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11 - Linked Lists and Arrays

 1. There are several differences between an array and a linked list. Fill in the blanks to complete the points below.
1. A linked list is a _________ data structure whereas an array is _____ 
2. An array can have any element accessed ________ (i.e. random access)
whereas a linked list needs to be traversed until the 
desired element is found 
3. Contents of an array are stored ___________ in memory whereas the contents of a 
linked list may not be

  small / depleted /directly / continuously

  static / dictionary / indirectly / noncontiguously

  static / dynamic / directly / contiguously

  static / drastic / directly / constantly

 2. A linked list maintains the memory _________ of each item in the list by using a series of '_________' within the data structure.

  location / pointers

  cache / points

  RAM / placeholders

  lists / stacks

 3. A number of pointers are required, these are: (fill in the blanks for the below)
The '______ pointer' points to the first node in the list.
The last node in the list has a '_____ pointer' (which is an empty pointer)
Each node has a pointer providing the location of the _____ node in the list.

  start / null / next

  null / start / next

  start / next / null

  next / null / first

 4. A linked list can be considered a recursive data structure because it has a recursive definition.

  True

  False

 5. For the object orientated example below, fill in the blanks: Linked lists are made up of ______, where each node contains a r______ to the next node in the list. In addition, each node contains a unit of data called the ______.
class Node:
    def __init__(self, cargo=None, next=None):
        self.cargo = cargo
        self.next  = next

    def __str__(self):
        return str(self.cargo)
	
>>> node = Node("test")
>>> print(node)
test

  nodes / recursion / conditons

  nulls / references / carts

  nodes / reference / cargo

  nodes / reference / pointers

 6. Analyse the code below to explain what is happening in lines 14 and 15.
class Node:
    def __init__(self, cargo=None, next=None):
        self.cargo = cargo
        self.next  = next

    def __str__(self):
        return str(self.cargo)
	
#creating a list with more than one node
>>> node1 = Node(1)
>>> node2 = Node(2)
>>> node3 = Node(3)
#What is happening in lines 14 and 15?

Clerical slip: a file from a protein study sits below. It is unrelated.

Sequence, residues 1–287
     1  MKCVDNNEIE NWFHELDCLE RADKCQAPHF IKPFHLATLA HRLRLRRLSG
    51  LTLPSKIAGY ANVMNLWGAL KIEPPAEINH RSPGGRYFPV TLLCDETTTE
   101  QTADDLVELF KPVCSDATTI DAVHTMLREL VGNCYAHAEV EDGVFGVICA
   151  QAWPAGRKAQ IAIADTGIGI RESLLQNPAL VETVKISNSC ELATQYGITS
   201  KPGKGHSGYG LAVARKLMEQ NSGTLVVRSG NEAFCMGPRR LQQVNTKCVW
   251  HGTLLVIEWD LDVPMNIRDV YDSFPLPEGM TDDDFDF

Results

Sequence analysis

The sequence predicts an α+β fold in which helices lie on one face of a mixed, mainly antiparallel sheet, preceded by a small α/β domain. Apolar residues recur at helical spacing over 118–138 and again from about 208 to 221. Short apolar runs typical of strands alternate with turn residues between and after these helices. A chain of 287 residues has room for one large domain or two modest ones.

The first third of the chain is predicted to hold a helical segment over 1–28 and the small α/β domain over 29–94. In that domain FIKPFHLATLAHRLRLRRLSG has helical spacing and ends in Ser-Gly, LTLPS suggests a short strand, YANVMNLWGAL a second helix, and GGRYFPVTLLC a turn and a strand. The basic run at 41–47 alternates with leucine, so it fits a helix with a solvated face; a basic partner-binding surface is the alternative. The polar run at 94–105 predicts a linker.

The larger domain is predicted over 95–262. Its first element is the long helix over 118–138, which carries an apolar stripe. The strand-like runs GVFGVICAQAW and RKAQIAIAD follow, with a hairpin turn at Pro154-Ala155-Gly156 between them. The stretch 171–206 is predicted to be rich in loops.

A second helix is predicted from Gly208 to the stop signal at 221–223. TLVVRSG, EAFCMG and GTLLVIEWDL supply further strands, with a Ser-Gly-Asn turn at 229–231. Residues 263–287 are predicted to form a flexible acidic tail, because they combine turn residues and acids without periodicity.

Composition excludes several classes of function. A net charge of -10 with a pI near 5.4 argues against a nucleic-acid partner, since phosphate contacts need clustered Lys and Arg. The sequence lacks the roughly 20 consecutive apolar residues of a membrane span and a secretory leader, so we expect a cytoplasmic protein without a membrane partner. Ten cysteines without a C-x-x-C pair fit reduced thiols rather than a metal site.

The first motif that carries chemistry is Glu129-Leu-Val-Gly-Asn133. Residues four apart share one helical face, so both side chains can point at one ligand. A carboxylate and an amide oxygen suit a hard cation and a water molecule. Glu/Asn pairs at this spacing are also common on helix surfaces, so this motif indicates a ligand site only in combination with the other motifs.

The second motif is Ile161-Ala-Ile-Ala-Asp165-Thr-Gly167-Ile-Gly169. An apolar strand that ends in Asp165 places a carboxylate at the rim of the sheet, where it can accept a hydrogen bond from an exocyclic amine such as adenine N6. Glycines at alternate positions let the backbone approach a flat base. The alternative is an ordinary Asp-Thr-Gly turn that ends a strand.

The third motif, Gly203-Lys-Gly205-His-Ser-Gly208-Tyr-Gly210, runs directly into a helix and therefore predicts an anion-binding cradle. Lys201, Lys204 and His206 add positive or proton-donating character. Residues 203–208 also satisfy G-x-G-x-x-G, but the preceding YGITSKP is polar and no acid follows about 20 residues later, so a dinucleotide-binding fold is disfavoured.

>>> node1.next = node2
>>> node2.next = node3

  deleting next pointers: deleting the next pointers of nodes 1 and 2

  emptying list: setting node1 and 2 to a next pointer, which sets their values to null

  linking lists: setting nodes 1 and 2 to actually contain the next node itself

  linking nodes: first node refers to second and the second node refers to the third:

 7. Lists are useful because they provide a way to assemble multiple objects into a single entity, sometimes called a collection. In this example, the first node of the list serves as ...
def print_list(node):
    while node is not None:
        print(node, end=" ")
        node = node.next
    print()
	

>>> print_list(node1)
1 2 3

  list within a list, which is in fact a linked list

  a dangerous obstruction that ought to be removed

  a reference to the entire list.

  a pointer through which to delete or add a node

 8. What is happening in the code below?
def remove_second(list):
    if list is None: return
    first = list
    second = list.next
    # Make the first node refer to the third
    first.next = second.next
    # Separate the second node from the rest of the list
    second.next = None
    return second

>>> print_list(node1)
1 2 3
>>> removed = remove_second(node1)
>>> print_list(removed)
2
>>> print_list(node1)
1 3

  removing the third node (0,1,2) in the list and returning the remaining list

  removing the second node in the list and returning a reference to the removed node

  removing the second last node in the list and returning a reference to node 1

  removing the second node in the list and returning all elements in the list

 9. A node can refer back to an earlier node in the list, including itself. For example, in a list with two nodes, one may refer to itself: If we invoke print_list on this list, it will

  cause an error as a node should not refer back to an earlier node

  loop forever.

  display the result of the node being referred to

  loop for as many times as there are nodes

 10. There are two ways to modify a linked list.We can perform operations to add, remove, or reorder the nodes or ...

  delete all the null pointers to allow for modification

  directly edit the next pointer for the last node

  modify the pointer to allow it to hold cargo (data elements)

  directly change the cargo of one of the nodes